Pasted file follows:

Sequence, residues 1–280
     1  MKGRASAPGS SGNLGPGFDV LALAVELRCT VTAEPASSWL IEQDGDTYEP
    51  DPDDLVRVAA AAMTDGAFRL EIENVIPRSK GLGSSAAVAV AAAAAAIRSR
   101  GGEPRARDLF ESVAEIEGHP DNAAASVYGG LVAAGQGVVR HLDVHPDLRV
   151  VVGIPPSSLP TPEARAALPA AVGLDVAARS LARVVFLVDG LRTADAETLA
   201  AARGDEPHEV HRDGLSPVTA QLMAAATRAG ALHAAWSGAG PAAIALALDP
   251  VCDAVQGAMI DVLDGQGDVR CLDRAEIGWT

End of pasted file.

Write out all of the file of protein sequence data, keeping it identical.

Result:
Sequence, residues 1–280
     1  MKGRASAPGS SGNLGPGFDV LALAVELRCT VTAEPASSWL IEQDGDTYEP
    51  DPDDLVRVAA AAMTDGAFRL EIENVIPRSK GLGSSAAVAV AAAAAAIRSR
   101  GGEPRARDLF ESVAEIEGHP DNAAASVYGG LVAAGQGVVR HLDVHPDLRV
   151  VVGIPPSSLP TPEARAALPA AVGLDVAARS LARVVFLVDG LRTADAETLA
   201  AARGDEPHEV HRDGLSPVTA QLMAAATRAG ALHAAWSGAG PAAIALALDP
   251  VCDAVQGAMI DVLDGQGDVR CLDRAEIGWT